Portland Bight Protected Area

August 2014

Construction of a ranger dormitory and improvements to the Seacology-funded field office for the enforcement of the 460,000-acre Portland Bight Protected Area

The Jamaican government created the Portland Bight Protected Area (PBPA) , the country’s biggest protected area, in 1999. The coastline includes the largest mangrove system in Jamaica. The mangroves, along with extensive seagrass beds and coral reefs, likely make up the largest nursery for fish and shellfish on the island. The land area includes 81 square miles of dry limestone forests and 32 square miles of wetlands. Many vulnerable and endemic species live there. The PBPA is also home to 44 villages with a total of 50,000 inhabitants. The area contains the highest concentration of fishers in Jamaica.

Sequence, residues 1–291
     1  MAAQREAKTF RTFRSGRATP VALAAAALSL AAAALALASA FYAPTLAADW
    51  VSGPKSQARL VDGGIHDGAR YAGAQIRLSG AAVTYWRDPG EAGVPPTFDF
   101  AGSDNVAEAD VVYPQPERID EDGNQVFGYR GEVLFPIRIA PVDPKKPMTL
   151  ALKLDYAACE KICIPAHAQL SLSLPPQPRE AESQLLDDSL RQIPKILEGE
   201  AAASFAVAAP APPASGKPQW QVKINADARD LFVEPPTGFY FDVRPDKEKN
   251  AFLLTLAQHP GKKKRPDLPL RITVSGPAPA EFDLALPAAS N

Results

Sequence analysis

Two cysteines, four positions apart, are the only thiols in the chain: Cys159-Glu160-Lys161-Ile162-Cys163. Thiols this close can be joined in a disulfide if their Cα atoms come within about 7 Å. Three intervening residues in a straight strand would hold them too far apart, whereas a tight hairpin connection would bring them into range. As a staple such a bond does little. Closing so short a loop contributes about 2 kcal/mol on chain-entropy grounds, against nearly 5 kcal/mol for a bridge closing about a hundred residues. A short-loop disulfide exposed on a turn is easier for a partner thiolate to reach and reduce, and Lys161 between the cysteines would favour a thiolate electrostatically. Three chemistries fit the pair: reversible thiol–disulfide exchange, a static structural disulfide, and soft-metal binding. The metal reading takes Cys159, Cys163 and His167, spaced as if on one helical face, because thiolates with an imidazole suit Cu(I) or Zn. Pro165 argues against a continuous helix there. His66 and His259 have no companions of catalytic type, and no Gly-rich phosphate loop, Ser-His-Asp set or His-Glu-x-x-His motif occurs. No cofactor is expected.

In 2010, Seacology provided funding for a new office (constructed from used shipping containers) to help the Caribbean Coastal Area Management (C-CAM) Foundation and the protected area’s rangers protect the area. With funding from CIBC FirstCaribbean International Bank, Seacology is making a grant to C-CAM, to build a ranger dormitory. It will also be built using shipping containers. The grant will also fund a solar cooling system for the ranger station and other upgrades, including a restroom block. These improvements will allow this site to continue as a vital education and conservation hub serving rangers, staff and visitors.

Full or partial funding for this project provided by
Project Updates
January 2016
Field representative Krishna Desai reports that all the planned upgrades have been completed. The new station has been built and is occupied by a caretaker. Two new energy-efficient air...
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